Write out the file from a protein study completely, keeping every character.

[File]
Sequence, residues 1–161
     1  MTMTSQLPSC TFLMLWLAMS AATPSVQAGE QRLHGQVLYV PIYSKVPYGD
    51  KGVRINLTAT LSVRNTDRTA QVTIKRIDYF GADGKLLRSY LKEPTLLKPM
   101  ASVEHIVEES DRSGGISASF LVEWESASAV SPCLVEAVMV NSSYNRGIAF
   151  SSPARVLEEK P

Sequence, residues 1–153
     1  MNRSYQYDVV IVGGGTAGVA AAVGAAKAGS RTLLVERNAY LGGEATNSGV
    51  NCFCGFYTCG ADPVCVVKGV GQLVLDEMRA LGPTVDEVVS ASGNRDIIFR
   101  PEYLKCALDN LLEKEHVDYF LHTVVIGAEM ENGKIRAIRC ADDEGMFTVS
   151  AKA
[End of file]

Sequence, residues 1–161
     1  MTMTSQLPSC TFLMLWLAMS AATPSVQAGE QRLHGQVLYV PIYSKVPYGD
    51  KGVRINLTAT LSVRNTDRTA QVTIKRIDYF GADGKLLRSY LKEPTLLKPM
   101  ASVEHIVEES DRSGGISASF LVEWESASAV SPCLVEAVMV NSSYNRGIAF
   151  SSPARVLEEK P

Sequence, residues 1–153
     1  MNRSYQYDVV IVGGGTAGVA AAVGAAKAGS RTLLVERNAY LGGEATNSGV
    51  NCFCGFYTCG ADPVCVVKGV GQLVLDEMRA LGPTVDEVVS ASGNRDIIFR
   101  PEYLKCALDN LLEKEHVDYF LHTVVIGAEM ENGKIRAIRC ADDEGMFTVS
   151  AKA